“I realized that if I don’t do anything, my sister will grow up and have the exact same hell as her childhood, just like me,” she explained.

Mary discovered a sex education pamphlet titled

Mary discovered a sex education pamphlet titled “For the Eleven Year Old Girl” that she was given as a child and read it aloud. The guide taught the girls that incest was a natural occurrence and their fault

1653699095 976 Amish 11 year old girls were given pamphlets normalizing incest

“Amish communities see going to the police as a greater sin than rape itself,” explained Misty, another survivor, who reported being raped by a bishop at church.

When Mary took her brothers to court, busloads of members of the Amish community attended the hearing to defend their rapists. Her mother even dismissed the abuse in a letter to the judge.

“I have a feeling he’s doing this out of spite more than anything,” he wrote. “Ever since I got to know Mary personally, she had a habit of making things sound worse than they really are.”

Mary’s older brother, Johnny, who has confessed to raping her more than 200 times, was sentenced to just one year in jail with permission to work and 10 years of probation.

“Amish communities consider going to the police to be a greater sin than rape itself,” explained Misty, another survivor, who reported being raped by a bishop at church.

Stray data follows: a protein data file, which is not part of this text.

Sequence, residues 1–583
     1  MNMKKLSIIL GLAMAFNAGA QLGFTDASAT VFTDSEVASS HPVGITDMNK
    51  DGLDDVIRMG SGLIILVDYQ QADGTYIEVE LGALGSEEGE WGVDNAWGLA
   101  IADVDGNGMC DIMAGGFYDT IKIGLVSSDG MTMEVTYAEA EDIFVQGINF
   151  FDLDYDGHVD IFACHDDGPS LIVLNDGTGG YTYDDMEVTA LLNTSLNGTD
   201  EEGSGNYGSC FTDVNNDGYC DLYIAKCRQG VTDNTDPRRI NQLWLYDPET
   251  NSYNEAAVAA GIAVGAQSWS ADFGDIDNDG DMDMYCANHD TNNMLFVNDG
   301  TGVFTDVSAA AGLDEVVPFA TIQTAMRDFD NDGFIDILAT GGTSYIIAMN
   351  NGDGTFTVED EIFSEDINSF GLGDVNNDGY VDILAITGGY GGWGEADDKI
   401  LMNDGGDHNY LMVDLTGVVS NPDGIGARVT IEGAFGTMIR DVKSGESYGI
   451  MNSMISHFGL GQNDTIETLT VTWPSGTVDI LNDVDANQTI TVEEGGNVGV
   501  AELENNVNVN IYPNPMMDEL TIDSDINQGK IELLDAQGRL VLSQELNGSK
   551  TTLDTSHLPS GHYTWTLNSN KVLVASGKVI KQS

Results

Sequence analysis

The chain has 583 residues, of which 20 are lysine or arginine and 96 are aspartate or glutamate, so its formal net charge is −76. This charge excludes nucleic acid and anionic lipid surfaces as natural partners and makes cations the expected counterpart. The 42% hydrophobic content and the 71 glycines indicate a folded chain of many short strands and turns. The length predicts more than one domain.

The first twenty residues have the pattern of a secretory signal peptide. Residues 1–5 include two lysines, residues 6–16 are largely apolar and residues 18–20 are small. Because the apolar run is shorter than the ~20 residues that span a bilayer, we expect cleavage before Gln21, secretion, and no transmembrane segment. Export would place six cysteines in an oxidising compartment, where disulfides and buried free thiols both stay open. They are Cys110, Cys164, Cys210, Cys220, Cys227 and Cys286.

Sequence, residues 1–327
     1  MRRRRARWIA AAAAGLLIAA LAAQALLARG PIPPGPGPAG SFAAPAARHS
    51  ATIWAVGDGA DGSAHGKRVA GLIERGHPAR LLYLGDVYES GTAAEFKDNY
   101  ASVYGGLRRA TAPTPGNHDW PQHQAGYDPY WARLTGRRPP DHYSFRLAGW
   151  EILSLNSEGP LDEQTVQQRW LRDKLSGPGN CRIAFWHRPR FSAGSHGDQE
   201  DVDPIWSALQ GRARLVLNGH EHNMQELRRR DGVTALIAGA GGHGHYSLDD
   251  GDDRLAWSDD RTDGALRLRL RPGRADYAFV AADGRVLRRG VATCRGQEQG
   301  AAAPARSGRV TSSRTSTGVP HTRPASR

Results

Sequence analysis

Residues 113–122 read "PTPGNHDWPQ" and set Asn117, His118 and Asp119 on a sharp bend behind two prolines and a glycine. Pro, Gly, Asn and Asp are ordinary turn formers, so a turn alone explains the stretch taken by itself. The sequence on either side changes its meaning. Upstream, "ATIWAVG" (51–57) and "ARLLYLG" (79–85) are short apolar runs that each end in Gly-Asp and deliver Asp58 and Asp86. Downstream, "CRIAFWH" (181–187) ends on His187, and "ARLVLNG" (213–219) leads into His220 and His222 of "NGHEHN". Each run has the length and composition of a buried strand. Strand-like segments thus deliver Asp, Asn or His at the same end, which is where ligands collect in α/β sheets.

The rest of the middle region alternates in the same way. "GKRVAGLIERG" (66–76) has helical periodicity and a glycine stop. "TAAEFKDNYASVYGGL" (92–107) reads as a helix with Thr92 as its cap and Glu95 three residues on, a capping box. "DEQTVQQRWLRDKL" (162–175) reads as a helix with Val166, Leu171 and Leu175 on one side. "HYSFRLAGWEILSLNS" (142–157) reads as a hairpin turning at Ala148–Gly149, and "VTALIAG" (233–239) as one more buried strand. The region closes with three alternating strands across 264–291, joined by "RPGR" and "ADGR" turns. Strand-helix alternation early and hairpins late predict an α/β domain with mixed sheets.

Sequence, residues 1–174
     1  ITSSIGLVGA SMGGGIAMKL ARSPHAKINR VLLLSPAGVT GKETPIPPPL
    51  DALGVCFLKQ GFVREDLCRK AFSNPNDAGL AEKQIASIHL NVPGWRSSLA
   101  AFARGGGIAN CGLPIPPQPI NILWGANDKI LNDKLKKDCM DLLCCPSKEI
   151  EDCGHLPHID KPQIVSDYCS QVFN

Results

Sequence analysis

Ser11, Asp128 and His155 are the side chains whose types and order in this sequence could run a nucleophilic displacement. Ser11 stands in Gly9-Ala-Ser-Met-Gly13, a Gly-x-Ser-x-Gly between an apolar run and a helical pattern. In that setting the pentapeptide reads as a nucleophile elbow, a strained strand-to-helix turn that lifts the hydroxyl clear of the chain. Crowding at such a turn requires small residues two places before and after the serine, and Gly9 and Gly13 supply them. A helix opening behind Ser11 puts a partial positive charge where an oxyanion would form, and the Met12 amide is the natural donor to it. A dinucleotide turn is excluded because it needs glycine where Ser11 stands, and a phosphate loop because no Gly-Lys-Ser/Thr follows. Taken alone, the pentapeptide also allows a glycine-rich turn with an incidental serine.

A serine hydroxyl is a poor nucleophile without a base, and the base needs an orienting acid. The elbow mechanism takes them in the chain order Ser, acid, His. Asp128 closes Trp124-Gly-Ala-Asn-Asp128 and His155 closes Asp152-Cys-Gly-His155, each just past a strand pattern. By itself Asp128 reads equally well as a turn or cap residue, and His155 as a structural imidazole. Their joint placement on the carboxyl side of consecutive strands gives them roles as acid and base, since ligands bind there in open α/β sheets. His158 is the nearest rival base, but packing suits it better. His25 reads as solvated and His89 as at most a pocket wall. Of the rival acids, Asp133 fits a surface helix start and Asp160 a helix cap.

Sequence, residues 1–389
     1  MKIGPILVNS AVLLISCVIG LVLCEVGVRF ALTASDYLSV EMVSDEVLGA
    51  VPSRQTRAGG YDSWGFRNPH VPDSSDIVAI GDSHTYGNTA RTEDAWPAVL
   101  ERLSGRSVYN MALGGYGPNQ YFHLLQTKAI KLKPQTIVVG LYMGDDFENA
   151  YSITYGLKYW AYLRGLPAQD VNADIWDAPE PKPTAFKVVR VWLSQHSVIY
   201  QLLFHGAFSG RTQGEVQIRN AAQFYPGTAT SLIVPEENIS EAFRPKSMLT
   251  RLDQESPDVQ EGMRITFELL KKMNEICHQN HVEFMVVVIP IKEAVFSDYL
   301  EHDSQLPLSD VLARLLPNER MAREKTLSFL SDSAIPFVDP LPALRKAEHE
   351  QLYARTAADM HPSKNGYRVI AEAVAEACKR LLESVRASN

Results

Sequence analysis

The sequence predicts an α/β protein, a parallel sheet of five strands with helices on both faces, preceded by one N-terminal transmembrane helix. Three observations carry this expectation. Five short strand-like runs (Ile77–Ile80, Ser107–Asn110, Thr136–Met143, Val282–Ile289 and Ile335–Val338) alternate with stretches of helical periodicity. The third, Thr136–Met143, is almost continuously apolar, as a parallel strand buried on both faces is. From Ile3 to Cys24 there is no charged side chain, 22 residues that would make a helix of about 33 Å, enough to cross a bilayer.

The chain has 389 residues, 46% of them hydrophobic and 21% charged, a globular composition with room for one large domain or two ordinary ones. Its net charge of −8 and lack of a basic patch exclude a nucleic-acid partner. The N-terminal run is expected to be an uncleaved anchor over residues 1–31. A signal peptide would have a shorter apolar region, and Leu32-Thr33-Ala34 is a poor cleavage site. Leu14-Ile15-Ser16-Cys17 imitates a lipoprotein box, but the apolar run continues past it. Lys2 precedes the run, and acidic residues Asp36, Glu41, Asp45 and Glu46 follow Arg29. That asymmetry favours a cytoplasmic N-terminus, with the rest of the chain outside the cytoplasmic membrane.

Meanwhile, Meg and her sister Rebekah shared similar stories of sexual abuse growing up in Amish communities in Michigan and North Carolina.

Her brother began sexually abusing Rebekah when she was six years old and soon after confessed to Meg that he had raped her. When Meg told her parents, they blamed Rebekah for her abuse.

Audrey, a mother of five who recently left the Amish community, took her ex-husband, Mike, to court after learning he had sexually abused three of her daughters.

Audrey, a mother of five who recently left the Amish community, took her ex-husband, Mike, to court after learning he had sexually abused three of her daughters.

Audrey's eldest daughters, Marlena and Dorthea, reported the abuse after she filed for divorce from her husband.

Audrey’s eldest daughters, Marlena and Dorthea, reported the abuse after she filed for divorce from her husband.

Audrey, a mother of five who recently left the Amish community, took her ex-husband, Mike, to court after learning he had sexually abused three of their daughters.

After filing for divorce, his eldest daughter, Marlena, confessed that Mike had sexually abused her from the age of 10 until she was 16, according to the movie addict.

Dorthea presented a similar story of abuse, and Audrey’s youngest daughter, Angie, later revealed that Mike had repeatedly raped her, since she was five years old.

‘Sins of the Amish’ chronicles the family’s struggle to find justice after Mike requested a plea deal that Audrey’s attorneys advised him to sign rather than take the case to trial.

Audrey’s ex-husband was sentenced to 5 to 10 years in prison and an additional 10 years of probation, according to his plea agreement, in November 2021.